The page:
Organizational History of the Central El Salvador Conference

In 2005, under the leadership of its president Victor Daniel Burgos, the Central Central-American Union decided to create a new (experimental) field within the territory of the Metropolitan El Salvador Conference (AMAS). Initially, this experimental field was given provisional office space in the AMAS headquarters until a permanent location could be found for it.6 The members of the Executive Committee of the Metropolitan El Salvador Conference met and took vote 0093-2005, requesting the Central Central-American Union to approve this experimental field: Central El Salvador Mission, effective January 1, 2006.7 That year, 2006, the experimental Central El Salvador Mission began operations. The administrators appointed to carry out this task were Pastor Dany Perla as coordinator/president, Brother Herberth Escobar as accountant and secretary-treasurer, and Sister Esperanza de Ventura as office secretary. It wasn’t until 2008 that the experimental mission officially became the Central El Salvador Mission under the leadership of pastor Santos Cañas as president and Brother Herberth Escobar as secretary-treasurer. By 2009, the number of districts had grown to 19 with the same number of pastors, and the membership reached 29,530.8

In 2011, the administration of the newly formed El Salvador Union appointed Pastor Elmer Alférez as president and confirmed Brother Herberth Escobar as secretary-treasurer. In that same year, the El Salvador Adventist Training School (ECAS) came under the supervision of Central El Salvador Mission.9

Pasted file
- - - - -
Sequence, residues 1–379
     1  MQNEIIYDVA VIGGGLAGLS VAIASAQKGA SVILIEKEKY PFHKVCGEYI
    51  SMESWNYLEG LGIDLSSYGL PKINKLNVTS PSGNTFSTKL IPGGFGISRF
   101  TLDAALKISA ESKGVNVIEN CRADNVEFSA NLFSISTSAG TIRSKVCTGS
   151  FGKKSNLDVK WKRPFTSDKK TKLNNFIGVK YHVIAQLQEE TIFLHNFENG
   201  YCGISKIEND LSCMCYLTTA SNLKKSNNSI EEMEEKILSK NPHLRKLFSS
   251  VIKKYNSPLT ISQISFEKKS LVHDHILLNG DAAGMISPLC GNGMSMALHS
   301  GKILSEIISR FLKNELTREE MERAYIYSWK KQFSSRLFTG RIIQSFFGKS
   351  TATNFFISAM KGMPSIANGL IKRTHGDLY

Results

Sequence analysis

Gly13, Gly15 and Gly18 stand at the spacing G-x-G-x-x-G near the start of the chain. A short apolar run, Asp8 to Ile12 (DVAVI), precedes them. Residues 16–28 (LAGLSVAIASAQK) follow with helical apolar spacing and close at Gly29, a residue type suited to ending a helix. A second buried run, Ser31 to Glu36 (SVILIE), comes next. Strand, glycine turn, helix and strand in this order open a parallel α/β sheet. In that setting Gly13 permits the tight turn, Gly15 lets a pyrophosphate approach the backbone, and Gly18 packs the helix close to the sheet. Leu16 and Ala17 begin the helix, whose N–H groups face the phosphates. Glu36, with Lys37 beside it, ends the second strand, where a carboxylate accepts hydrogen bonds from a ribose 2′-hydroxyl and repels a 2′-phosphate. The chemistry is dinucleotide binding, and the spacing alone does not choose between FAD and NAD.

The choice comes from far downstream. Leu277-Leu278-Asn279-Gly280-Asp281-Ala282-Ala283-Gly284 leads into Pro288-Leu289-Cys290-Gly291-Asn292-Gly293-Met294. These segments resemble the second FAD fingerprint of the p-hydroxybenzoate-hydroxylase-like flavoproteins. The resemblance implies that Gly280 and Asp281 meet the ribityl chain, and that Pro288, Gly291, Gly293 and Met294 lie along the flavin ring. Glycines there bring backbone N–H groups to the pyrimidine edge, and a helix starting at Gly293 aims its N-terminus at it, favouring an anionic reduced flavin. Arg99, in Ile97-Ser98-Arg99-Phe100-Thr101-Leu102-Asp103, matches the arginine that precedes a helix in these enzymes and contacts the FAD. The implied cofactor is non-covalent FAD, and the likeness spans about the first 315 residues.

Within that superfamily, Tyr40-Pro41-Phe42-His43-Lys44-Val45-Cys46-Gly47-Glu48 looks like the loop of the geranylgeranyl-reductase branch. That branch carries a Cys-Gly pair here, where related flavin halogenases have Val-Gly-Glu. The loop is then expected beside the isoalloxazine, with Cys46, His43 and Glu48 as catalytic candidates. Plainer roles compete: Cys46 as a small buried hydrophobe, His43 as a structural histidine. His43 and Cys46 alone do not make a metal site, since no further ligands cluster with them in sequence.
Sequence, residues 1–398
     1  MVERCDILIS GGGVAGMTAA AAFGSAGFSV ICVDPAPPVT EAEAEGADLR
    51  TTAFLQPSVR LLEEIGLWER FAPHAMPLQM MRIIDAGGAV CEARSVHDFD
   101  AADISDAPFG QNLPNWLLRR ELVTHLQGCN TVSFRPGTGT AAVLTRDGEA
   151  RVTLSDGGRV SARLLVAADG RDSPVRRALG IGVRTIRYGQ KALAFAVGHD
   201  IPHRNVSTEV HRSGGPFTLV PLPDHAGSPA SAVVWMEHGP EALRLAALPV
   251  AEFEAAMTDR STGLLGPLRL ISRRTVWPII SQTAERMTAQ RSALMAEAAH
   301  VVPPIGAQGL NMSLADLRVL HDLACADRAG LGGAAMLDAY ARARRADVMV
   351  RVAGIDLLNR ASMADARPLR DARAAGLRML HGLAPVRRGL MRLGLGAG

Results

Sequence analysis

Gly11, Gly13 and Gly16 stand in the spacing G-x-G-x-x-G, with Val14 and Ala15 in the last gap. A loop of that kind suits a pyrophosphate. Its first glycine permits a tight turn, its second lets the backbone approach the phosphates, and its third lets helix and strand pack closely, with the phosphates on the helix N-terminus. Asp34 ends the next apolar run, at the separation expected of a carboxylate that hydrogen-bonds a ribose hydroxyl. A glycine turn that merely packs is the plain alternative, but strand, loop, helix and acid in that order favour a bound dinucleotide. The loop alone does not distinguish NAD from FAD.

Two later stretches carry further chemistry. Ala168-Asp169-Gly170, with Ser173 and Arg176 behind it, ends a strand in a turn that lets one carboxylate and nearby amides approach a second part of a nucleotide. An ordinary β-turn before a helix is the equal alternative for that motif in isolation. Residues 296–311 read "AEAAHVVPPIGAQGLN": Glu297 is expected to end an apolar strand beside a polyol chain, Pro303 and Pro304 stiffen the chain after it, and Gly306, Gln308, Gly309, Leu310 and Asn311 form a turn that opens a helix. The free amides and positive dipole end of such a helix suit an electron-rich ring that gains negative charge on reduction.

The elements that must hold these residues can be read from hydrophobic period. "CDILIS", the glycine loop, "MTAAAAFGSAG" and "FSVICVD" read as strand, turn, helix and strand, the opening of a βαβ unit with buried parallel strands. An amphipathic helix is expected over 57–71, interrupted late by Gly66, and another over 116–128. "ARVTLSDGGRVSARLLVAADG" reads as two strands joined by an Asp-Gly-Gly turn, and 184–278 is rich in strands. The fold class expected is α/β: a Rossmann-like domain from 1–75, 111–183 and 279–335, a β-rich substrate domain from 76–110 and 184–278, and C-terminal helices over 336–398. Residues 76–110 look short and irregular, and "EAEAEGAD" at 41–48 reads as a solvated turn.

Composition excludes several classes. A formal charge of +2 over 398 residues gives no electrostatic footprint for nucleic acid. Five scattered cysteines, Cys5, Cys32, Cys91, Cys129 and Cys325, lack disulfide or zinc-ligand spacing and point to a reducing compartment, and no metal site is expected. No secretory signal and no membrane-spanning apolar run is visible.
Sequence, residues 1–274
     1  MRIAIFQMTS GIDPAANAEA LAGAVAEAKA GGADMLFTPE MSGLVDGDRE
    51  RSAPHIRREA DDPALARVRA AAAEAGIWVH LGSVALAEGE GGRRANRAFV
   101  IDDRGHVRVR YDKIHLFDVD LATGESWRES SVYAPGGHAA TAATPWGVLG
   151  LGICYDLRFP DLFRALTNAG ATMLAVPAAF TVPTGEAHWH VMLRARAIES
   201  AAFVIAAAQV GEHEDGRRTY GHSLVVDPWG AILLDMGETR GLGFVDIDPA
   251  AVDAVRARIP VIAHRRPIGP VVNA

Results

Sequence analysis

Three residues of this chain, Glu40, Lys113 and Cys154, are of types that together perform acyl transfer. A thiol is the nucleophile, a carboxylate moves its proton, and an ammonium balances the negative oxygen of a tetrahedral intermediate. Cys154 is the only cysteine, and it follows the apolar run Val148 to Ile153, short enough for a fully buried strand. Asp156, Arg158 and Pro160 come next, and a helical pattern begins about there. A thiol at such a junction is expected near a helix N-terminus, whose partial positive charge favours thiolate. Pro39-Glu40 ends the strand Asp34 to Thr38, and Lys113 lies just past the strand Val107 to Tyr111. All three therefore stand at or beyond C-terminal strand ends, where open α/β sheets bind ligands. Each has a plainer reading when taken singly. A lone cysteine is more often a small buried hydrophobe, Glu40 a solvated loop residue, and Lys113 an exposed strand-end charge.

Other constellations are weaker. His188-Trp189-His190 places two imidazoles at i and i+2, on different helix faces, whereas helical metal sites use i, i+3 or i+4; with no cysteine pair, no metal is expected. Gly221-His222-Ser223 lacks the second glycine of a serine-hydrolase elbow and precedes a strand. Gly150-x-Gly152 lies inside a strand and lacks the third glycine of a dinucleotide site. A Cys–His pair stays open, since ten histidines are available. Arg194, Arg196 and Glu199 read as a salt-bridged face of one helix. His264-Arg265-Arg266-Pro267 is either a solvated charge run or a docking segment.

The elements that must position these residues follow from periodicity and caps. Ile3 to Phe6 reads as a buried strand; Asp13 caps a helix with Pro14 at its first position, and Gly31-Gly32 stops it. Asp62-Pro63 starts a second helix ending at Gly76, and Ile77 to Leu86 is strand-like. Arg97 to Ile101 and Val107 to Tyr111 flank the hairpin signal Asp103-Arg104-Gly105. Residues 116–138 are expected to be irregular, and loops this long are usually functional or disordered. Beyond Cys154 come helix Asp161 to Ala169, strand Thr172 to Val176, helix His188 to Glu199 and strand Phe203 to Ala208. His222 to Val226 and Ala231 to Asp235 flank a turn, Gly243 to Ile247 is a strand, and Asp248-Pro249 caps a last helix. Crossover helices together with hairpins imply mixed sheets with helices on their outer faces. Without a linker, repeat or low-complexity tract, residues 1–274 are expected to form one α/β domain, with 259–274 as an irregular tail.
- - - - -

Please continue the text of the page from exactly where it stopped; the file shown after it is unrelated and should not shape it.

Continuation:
On March 4, 2015, the third congress of the Central El Salvador Mission “Eyes Fixed On Jesus” was held. There were 125 delegates from the churches and companies, together with pastors, teachers and special guests. The congress was held in Nuevos Tiempos, San Salvador. It was there that the request for status change from mission to conference was made and became official. Overseeing the process was Pastor Israel Leito, then president of the Inter-American Division, along with Pastor Abel Pacheco, president of the El Salvador Union. At this meeting, Pastor Elmer Alférez was elected as president, Pastor Noé Colindres as secretary, and Brother Herberth Escobar, again as treasurer.10

As the experimental field became a mission and then a conference, it became necessary to reorganize the territory. On January 1 of 2008, new districts were created in order to meet the objectives of the Conference. The geographic zone which formed the Conference comprised of the districts of Chalatenango with its 33 subdivisions, La Libertad with its 22 subdivisions, and San Salvador with eight of its subdivisions.